At some point some ancestor of my husband installed bathrooms in my house. If that ancestor inspected the back bathroom today, he would not find much different.
It still has the old footed tub, the same pedestal sink, three doors, the same towel racks and hardwood floors. It does have a new toilet, much to my husband's disgust. (Remember, this is the man who would rather spend $100 to fix something old than spend $50 to buy something new.) He spent at least six months and who knows how much money trying to fix the old toilet. Insides that fit it could not be found, and new insides, no matter how much he tried, did not adapt well to the old machinery. But most importantly, rubber gaskets and things that keep it from leaking could not be found to fit the old pipes. He finally gave up and installed a new one, complaining bitterly that new low-flow toilets would not be acceptable.
But we have made other changes. The bathroom suffered from the usual problems of an old house. No storage space. Limited electrical outlets. And those existing outlets usually in strange places. But we managed fine until my two daughters reached the age when they spent at least an hour putting on make up and arranging hair styles before going to school. Two daughters in the same bathroom for the same hour.
My first priority, despite my daughters' pleas for the electricity needed for their beauty routine, was storage.
The only place I had to store linens was in a wardrobe in the bathroom. It was adequate, but it left me no place to store other things, most importantly my vacuum cleaner which I had to hide behind a door. One of the three bathroom doors led to the back porch. We built a closet using part of the back porch. The door now opened into a closet. Voila. I had a space for my vacuum cleaner and my linens. The old wardrobe was off to the barn. The only problem was that the part of the porch we enclosed had a window. So for a while instead of a room with a view I had a closet with a view. My husband did take out the window and put up siding sometime later.
The missing wardrobe left space for a dressing table with a mirror and lots of lights above the mirror to accommodate my daughters' beauty routines. When my daughters were in high school, big hair was in style. I mean really big hair, Farrah Fawcett hair. To achieve the suitable coiffure, my daughters needed hot rollers, curling irons, straightening irons (I don't know why you need both) and large amounts of hair spray. And two of everything.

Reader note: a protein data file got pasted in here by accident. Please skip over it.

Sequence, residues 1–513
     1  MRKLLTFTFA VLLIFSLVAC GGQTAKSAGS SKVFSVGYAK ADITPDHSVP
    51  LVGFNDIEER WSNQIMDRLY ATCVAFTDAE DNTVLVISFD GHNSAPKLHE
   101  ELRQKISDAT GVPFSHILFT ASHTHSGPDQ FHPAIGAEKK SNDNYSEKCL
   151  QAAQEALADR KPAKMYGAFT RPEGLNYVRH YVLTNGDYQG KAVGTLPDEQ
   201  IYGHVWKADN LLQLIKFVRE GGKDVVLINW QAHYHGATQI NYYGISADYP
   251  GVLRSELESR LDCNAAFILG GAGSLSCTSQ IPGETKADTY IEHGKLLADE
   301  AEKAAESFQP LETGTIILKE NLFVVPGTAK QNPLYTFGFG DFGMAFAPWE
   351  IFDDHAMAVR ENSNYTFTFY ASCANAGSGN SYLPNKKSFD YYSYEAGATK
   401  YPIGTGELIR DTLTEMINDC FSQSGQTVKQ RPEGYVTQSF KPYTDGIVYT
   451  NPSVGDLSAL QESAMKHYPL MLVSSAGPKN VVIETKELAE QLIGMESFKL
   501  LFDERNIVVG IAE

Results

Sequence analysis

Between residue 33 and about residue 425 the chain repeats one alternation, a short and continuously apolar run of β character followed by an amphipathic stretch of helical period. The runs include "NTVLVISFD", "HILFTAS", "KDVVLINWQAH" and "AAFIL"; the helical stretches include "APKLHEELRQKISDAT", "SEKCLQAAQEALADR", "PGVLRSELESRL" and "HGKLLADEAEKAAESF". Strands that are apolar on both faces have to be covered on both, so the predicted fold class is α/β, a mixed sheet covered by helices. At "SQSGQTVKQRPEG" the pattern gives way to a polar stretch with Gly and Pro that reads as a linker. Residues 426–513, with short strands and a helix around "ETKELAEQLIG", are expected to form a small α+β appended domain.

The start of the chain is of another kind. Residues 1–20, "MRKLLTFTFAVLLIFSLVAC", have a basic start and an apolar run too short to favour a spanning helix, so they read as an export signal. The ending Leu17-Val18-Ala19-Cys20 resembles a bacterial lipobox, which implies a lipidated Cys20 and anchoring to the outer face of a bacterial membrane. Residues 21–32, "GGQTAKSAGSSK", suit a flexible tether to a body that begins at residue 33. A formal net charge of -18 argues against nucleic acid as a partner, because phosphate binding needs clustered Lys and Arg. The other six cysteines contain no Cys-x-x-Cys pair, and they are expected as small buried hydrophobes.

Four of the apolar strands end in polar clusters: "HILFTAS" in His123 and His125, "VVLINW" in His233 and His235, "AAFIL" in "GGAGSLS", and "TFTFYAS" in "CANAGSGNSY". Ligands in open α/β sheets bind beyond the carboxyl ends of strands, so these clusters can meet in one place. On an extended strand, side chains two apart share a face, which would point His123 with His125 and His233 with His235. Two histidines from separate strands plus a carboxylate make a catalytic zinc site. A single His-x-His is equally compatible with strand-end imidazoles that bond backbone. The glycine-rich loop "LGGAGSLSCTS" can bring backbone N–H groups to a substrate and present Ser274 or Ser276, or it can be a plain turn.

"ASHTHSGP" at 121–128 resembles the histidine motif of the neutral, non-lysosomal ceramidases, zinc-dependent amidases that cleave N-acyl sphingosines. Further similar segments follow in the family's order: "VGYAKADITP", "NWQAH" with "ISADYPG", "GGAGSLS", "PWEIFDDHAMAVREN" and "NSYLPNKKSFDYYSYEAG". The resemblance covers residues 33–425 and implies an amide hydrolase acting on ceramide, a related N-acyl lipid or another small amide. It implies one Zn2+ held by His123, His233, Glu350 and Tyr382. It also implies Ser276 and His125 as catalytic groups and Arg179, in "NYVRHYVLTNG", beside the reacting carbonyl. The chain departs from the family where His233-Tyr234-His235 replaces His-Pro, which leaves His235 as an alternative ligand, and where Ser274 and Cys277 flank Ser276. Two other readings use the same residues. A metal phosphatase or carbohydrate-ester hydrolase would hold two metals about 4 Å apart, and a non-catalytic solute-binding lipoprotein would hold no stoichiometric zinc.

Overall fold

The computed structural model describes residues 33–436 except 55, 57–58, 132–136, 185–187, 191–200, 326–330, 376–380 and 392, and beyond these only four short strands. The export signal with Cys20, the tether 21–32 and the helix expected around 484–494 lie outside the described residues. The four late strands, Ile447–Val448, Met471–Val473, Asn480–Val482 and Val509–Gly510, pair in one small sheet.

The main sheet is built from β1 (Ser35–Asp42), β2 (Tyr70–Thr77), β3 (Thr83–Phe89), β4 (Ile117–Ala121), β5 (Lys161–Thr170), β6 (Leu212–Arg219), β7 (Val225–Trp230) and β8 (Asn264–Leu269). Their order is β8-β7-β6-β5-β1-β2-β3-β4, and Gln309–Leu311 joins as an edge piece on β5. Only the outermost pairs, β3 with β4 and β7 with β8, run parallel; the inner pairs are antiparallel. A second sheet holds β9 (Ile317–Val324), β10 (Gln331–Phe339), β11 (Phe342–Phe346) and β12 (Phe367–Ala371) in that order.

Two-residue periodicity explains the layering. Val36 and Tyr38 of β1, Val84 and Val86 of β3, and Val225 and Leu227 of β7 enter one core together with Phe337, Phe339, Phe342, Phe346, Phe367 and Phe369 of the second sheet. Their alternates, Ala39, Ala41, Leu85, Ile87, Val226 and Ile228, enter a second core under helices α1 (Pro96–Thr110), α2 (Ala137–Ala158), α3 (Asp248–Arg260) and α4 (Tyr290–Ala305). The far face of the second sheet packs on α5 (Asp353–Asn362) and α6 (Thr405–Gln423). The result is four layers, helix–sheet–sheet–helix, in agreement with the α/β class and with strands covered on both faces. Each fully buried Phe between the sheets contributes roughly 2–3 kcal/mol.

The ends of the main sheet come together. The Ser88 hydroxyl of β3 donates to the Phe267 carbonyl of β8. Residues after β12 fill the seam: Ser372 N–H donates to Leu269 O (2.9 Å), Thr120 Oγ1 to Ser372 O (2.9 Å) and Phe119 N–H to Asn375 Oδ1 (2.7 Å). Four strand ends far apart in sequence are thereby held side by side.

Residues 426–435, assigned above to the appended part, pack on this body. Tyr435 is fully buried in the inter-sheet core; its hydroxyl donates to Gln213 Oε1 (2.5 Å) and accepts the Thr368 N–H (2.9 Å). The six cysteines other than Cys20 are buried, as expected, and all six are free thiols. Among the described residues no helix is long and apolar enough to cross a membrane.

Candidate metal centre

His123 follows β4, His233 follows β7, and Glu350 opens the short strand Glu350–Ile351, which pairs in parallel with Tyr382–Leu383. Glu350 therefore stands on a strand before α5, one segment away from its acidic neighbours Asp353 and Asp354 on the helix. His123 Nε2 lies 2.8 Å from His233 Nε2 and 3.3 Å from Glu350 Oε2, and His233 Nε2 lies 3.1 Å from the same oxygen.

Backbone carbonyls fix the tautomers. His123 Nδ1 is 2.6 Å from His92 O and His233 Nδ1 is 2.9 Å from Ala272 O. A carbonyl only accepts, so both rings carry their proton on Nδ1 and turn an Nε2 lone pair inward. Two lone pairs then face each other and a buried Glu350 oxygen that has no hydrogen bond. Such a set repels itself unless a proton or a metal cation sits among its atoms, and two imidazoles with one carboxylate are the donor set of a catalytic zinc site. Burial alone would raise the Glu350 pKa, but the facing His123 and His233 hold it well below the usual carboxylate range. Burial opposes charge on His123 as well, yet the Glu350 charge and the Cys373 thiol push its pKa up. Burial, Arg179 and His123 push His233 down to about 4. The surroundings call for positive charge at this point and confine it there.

So while the new dressing table was nice and offered a place to put all the necessary accoutrements, there was the problem of electrical outlets. The bathroom had only one and it was on the baseboard next to the toilet. Don't ask me why. We had not one, not two, but three outlets, enough to plug in six things, put next to that dressing table.
Now with my daughters gone, I plug in my toothbrush and my phone and two of the outlets are empty.
With the remodel, you would think everyone was happy. But no. Apparently Farrah Fawcett hair requires not only the front to look a certain way, but also the back as well. To get a good view of her hair in the back, my older daughter figured out that if she angled to the door of the medicine cabinet (which was mirrored) just the right way, she could see the front of her hair in the mirror over the dressing table as well as the back reflected from the medicine cabinet.
The problem was she never remembered to shut the medicine cabinet door. It was metal and mirrored and probably weighed 5 pounds. After years of being left hanging half open, the door to the medicine cabinet just fell off. Now I had another problem. I couldn't replace the medicine cabinet as it was sunk into the plaster wall and any repairs or disturbances would likely take out part of the wall. I couldn't put the door back on; it was mangled too much to be used again. I finally bought a cheap mirror the size of the cabinet and glued it up there. I can't use the medicine cabinet, but I have the nifty dressing table.
I'm thinking of putting a plaque on the bathroom door in memory of Farrah Fawcett. After all, the changes were done because of her.
Paula Travis is a retired teacher from the Newton County School System. She can be reached at email@example.com.